The difficulties involving men which Janie and Delia incur result from or are exacerbated by the intersection of their class, race, and gender, which restrict each woman for a large part of her life from gaining her independence. Janie moves from caregiver to caregiver searching for true love and happiness, only to have it stripped away from her once she finds it in her third husband Tea Cake. At the end of the novel, having realized true love and loss, Janie is a whole woman. Their Eyes Were Watching God portrays the growth of the human spirit.
Starks is a smooth talking power hungry man who never allows Janie express her real self. The Eatonville community views Janie as the typical woman who tends to her husband and their house. Janie does not want to be accepted into the society as the average wife. Before Jody dies, Janie is able to let her suppressed anger out.
Their Eyes Were Watching God Characters and Analysis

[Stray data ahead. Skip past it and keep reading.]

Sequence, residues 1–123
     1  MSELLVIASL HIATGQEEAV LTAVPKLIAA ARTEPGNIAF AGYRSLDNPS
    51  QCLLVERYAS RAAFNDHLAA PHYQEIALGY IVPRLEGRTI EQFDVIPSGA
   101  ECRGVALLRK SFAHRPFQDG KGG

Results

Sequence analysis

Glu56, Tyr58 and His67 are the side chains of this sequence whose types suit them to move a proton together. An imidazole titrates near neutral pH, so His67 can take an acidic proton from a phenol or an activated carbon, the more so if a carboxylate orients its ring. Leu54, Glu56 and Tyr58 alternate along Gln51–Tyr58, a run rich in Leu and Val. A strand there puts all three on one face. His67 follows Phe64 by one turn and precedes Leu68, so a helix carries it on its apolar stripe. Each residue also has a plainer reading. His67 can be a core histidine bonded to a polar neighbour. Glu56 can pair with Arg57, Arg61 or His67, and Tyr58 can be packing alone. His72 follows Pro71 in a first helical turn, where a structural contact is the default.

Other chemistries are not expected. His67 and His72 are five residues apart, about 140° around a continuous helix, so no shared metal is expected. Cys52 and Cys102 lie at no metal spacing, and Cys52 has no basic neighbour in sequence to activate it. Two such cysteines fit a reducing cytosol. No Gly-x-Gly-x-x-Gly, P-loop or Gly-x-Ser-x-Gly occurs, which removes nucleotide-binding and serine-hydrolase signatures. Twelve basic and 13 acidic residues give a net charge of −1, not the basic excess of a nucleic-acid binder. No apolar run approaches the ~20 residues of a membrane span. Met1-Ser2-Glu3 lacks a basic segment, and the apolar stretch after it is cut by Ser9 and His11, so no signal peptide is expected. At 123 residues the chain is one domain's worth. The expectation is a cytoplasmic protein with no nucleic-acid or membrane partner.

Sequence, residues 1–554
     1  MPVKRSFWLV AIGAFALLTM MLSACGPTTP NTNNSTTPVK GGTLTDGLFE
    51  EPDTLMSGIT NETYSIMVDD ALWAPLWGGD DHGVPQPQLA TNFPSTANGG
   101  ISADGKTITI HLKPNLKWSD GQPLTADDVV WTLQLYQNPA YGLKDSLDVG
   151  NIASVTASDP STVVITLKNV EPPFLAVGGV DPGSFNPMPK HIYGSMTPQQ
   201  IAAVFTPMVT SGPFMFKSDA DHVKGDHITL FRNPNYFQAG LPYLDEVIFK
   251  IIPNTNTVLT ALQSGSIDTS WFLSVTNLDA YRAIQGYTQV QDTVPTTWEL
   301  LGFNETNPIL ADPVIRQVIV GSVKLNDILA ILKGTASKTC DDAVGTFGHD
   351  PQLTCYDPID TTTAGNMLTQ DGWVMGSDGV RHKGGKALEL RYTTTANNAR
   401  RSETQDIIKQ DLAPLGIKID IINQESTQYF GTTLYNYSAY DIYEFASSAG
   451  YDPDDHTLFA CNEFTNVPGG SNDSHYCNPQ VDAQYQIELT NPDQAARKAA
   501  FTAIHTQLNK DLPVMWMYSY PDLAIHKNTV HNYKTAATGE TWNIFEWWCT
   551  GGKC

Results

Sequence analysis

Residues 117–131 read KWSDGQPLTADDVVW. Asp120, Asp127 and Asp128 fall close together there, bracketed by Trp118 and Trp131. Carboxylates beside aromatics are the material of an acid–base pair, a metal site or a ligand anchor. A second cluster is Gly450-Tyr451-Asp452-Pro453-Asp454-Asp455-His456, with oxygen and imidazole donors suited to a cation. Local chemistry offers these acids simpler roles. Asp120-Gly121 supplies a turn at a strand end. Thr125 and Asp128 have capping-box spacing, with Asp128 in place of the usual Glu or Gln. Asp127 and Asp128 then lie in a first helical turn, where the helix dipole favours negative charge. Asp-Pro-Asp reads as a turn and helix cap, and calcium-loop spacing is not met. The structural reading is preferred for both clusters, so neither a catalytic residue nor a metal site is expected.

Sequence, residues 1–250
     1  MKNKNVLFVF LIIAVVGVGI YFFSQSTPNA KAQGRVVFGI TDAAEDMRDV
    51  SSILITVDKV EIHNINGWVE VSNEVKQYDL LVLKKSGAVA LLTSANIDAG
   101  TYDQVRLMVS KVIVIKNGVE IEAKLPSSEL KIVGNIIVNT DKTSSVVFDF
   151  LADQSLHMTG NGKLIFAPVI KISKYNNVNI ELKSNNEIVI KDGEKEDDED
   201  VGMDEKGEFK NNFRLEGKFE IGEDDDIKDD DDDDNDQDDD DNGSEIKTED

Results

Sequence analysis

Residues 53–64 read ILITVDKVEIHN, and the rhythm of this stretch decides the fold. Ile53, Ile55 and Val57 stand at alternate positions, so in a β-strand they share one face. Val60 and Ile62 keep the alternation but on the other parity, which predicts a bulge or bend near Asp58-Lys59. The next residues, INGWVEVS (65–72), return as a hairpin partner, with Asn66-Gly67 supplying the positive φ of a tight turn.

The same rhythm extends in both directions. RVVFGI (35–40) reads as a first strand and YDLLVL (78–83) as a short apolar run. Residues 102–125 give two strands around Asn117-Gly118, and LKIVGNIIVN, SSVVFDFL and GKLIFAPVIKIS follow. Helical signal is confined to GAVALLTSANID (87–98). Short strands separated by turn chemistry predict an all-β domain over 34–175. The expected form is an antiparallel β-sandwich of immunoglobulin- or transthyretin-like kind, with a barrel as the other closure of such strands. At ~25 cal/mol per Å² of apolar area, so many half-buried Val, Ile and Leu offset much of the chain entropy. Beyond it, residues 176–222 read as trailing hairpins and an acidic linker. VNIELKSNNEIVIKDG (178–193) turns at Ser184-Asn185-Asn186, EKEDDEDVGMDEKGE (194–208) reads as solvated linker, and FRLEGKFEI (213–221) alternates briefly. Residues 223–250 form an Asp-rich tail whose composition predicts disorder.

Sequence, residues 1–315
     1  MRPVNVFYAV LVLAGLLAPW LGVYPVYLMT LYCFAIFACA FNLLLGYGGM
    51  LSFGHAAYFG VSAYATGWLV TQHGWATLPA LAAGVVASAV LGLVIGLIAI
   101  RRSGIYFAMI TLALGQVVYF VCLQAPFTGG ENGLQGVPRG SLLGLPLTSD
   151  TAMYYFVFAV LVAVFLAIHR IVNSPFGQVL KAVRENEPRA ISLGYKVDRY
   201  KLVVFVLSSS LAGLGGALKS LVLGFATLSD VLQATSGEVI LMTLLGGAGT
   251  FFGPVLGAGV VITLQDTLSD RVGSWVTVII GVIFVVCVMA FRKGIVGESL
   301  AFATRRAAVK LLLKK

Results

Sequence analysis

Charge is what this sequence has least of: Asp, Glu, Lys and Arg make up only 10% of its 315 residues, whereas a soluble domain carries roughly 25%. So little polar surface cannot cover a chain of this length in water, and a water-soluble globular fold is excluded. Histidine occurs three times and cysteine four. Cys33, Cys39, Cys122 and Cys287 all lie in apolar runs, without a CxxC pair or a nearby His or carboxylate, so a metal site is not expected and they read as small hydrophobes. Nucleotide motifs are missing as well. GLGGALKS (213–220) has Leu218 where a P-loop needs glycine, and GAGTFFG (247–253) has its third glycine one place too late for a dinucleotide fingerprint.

In fact, after he returns back with the money, Janie realizes that this is indeed a sign of reciprocal love, what she seeks in her dream relationship. She begins to realize that her husband, Tea Cake loves her. So her soul crawled out from its hiding place. She goes against all of her beliefs by becoming a prostitute just to help her family.
Throughout the history of black American culture, the pursuit of dreams has played a pivotal role in self-fulfillment and internal development. In many ways an individual's reactions to the perceived and real obstacles barring the path to a dream Through Janie's growth from a girl so far removed from any identity that she doesn't know her own race, to a woman strong enough to return to her hometown that wants nothing more than to revel in her miseries, Zora Neale Hurston's Their Eyes Were